Kenickie were able to ride the waves and create their own style: commercially popular and fresh enough to sway those who were following what was owning the charts or scoring big on music T.V. Laverne’s music career did not end when the band split and, in addition to giving a memorable backing vocal for The Divine Comedy’s Come Home Billy Bird in 2004 (she sang few words but made an impact in the chorus – sort of like Kate Bush’s duet with Peter Gabriel on Games Without Frontiers), she worked with Mint Royale and other artists. All of her experience in the industry during its absolute peak goes into her radio work. I am not suggesting those who have enjoyed a career making music translate into D.J.s more readily…but it is clear Lauren Laverne has a deep knowledge of the industry, having been in the spotlight for a time. Being part of a popular band, she can definitely relate to musicians today and what they have to go through. The landscape has altered since the 1990s but a lot of the same highs and lows remain in place.

IN THIS PHOTO: Emmy-Kate Montrose, Lauren Laverne and Marie du Santiago of Kenickie/PHOTO CREDIT: Getty Images/Press

To play and find popularity in the 1990s must have been immense, but that is not to say Lauren Laverne is rigid when it comes to playlists – her selections are, in fact, broader than most on BBC Radio 6 Music. This all takes us to now and why I feel she is one of the best on the airwaves. She took over Shaun Keaveny’s breakfast show back in January – they really need to take off the sting/jingle that opens her show saying that it is ‘new’ – and settled into the role very naturally. The woman deserves a week or two off to recharge her batteries as one feels weeks and weeks of early starts and having two young children must have her clamming for some calm and chill! I know Laverne’s work ethic is endless and she never sounds like she is flagging. I am not sure where she gets all that energy from but one can, vicariously, feel uplifted and driven listening to her every morning!

There are many reasons why broadcasters like Lauren Laverne mean a lot to me. Apart from her devotion to Steely Dan (Pretzel Logic is their finest album and Deacon Blues their greatest song, by the by!), if I had to put my finger on it, it is like she is in your head. It is also like no other area of the world bar Wogan House down on Great Portland Street, London means as much to her. I am sure the bus/Tube ride to work and back is not exactly a bed of roses each day but you just know she arrives to work with a smile and would not be anywhere else! This infectiousness rubs off on all of us as we struggle to lift our heads out of our cereal and negotiate every Tom, Dick and Twatbag (would that last forename be hyphenated?!) on the daily commute. It is that boost and hug that we all need and, damn it, I would be a weaker man without it, that is for certain! I think we all owe a debt of thanks to Lauren Laverne and her wonderful team.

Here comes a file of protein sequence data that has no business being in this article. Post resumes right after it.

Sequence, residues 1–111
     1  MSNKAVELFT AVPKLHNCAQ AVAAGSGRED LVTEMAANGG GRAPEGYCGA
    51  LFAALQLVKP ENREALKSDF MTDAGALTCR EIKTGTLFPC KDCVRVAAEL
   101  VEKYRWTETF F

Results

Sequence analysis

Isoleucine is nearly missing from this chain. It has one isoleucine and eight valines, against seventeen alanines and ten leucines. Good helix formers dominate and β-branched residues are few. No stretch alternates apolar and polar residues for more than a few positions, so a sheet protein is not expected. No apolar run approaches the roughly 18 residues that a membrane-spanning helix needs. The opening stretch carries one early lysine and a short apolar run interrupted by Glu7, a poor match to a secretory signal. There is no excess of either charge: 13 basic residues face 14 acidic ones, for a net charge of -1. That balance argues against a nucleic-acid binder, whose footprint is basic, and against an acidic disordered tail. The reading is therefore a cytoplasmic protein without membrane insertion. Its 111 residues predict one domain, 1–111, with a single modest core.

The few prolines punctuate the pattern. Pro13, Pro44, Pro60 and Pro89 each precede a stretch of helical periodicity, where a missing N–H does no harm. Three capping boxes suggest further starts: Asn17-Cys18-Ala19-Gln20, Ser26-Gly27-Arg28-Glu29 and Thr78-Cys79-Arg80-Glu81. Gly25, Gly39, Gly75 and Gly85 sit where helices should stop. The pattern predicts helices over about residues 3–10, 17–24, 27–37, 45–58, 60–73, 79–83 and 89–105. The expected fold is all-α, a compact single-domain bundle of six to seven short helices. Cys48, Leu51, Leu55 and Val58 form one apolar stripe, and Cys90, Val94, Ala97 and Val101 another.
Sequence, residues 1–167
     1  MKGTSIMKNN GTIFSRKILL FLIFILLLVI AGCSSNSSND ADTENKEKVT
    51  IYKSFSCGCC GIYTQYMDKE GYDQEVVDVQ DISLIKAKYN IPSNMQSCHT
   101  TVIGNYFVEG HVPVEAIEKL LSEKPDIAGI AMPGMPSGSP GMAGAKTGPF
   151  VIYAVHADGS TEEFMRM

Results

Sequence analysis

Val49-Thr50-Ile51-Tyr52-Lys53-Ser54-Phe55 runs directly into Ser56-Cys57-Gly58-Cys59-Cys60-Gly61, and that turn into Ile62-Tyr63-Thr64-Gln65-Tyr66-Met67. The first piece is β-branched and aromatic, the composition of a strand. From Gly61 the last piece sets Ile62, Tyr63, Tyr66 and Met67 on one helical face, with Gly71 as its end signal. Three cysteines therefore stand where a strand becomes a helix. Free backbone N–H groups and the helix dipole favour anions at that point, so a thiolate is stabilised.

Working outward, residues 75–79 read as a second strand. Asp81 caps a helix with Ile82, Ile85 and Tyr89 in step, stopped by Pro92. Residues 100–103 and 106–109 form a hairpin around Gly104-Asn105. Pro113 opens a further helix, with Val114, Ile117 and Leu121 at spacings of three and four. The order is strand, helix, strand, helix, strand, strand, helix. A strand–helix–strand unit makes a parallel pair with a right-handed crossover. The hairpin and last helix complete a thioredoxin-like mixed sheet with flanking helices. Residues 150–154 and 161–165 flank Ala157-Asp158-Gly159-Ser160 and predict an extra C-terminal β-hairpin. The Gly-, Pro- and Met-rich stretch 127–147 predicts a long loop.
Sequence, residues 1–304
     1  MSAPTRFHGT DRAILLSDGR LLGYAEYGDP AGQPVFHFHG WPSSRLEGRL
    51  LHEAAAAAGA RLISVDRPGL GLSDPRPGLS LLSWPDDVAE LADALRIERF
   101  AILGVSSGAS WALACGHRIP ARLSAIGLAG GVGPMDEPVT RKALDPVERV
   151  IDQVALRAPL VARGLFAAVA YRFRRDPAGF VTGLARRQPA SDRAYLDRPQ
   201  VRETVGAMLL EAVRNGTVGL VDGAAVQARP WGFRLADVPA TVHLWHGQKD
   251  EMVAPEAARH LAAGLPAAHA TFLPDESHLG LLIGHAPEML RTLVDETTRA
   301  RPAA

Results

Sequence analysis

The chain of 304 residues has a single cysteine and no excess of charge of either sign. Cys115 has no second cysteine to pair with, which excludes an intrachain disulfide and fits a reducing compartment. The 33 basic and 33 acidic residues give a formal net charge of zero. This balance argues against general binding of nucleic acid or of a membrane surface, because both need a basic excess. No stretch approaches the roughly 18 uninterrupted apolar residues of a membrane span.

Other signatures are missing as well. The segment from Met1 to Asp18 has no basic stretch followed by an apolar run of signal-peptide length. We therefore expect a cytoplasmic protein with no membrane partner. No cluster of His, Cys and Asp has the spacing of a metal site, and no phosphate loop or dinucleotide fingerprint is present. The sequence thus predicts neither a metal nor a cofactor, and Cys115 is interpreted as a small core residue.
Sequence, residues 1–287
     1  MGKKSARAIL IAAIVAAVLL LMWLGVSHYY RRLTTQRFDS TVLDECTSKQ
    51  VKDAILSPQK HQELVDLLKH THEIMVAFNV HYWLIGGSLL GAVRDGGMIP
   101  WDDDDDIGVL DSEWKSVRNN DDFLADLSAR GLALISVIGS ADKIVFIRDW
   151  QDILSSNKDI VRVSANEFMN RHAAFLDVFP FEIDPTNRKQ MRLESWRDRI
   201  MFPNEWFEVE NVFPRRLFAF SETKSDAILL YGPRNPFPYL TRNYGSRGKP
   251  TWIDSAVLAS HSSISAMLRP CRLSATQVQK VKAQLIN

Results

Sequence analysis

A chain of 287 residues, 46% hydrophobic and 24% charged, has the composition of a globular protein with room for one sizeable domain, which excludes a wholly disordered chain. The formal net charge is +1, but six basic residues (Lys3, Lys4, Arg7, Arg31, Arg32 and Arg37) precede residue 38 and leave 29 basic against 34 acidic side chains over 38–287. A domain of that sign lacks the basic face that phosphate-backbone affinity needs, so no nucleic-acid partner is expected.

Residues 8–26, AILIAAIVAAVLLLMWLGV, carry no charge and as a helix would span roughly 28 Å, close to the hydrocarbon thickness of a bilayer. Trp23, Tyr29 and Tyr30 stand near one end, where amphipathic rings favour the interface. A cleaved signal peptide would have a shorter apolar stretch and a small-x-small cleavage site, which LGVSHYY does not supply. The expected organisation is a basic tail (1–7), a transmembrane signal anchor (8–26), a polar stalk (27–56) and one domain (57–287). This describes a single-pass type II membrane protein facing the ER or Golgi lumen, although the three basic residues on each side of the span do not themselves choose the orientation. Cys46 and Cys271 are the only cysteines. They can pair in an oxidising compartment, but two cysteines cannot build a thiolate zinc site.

PHOTO CREDIT: Boden Diaries

I was sceptical whether the move from mid to early-morning would work and whether it would mean we’d lose the best features and aspects from her regular show. Even though Biorhythms has gone, there are new features: The Maths of Life (with Dr. Hannah Fry) is great and Monday’s Cloudbusting (ten Kate Bush points there, team!) is ace; Social Recall (named after the film, Total Recall, I would imagine, minus Arnie Schwartznegger and the three-breasted mutant) allows listeners to put together a playlist of songs that represent a memorable and meaningful time of their life. It is the way Laverne interacts with the listeners and it has this mix of mother-like and matey that makes her so popular and accessible. Maybe it is just me but I do think some D.J.s are either too lacking in warmth or they can seem very anodyne and forced. Laverne has years’ experience but she is always growing as a D.J. and I think she is influencing and speaking to a generation of promising new talent who want to follow her example.

I know Laverne does talks and has spoken about radio and her career to audiences. I think, as we are hearing about music being taken from schools and (it’s) seen more as a ‘hobby’ and less of an essential thing, the experience and talent Lauren Laverne has can not only help guide young minds but make a big impression on those in the government who are depriving future generations. We cannot rely on music schools and universities to mould and discover the next breed of D.J.s and broadcasters. I think music/radio needs to be taught at school age and we cannot really allow it to slip from the public consciousness. This is just me going down another garden path, but one feels that Laverne’s words and guidance could help bring about change when it comes to the important of music in our schools.